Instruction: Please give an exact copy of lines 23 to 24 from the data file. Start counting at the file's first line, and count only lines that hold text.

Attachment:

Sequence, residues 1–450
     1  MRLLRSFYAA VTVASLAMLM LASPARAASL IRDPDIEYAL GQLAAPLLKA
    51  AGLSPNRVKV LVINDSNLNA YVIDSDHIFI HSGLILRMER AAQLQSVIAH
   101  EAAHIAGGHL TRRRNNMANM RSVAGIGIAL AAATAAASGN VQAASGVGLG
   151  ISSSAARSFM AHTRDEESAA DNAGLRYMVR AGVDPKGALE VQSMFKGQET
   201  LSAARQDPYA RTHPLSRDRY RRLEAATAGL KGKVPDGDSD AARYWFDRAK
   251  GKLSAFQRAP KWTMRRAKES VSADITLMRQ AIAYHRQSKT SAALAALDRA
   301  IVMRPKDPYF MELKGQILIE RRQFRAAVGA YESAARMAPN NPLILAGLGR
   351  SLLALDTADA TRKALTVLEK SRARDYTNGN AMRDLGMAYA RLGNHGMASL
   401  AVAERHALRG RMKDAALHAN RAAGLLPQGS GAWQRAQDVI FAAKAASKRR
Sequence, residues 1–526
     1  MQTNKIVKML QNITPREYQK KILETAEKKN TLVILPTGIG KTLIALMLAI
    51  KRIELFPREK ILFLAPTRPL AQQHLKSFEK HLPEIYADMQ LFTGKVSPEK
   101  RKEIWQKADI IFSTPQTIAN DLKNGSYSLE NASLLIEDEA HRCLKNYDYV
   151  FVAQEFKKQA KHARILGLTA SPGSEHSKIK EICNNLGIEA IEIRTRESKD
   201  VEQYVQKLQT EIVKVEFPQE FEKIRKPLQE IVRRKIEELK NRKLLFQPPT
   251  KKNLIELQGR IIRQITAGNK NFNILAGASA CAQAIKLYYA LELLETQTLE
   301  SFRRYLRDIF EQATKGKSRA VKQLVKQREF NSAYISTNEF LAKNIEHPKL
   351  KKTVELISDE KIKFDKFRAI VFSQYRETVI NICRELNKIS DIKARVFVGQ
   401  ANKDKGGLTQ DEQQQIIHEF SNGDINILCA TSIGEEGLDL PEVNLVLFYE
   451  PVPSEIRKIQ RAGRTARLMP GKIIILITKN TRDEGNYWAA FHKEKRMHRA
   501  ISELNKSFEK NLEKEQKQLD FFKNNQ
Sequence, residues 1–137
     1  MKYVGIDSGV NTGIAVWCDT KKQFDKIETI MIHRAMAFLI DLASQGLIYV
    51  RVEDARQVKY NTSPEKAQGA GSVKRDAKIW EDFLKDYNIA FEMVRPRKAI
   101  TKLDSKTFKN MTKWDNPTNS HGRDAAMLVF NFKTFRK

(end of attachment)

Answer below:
Sequence, residues 1–137
     1  MKYVGIDSGV NTGIAVWCDT KKQFDKIETI MIHRAMAFLI DLASQGLIYV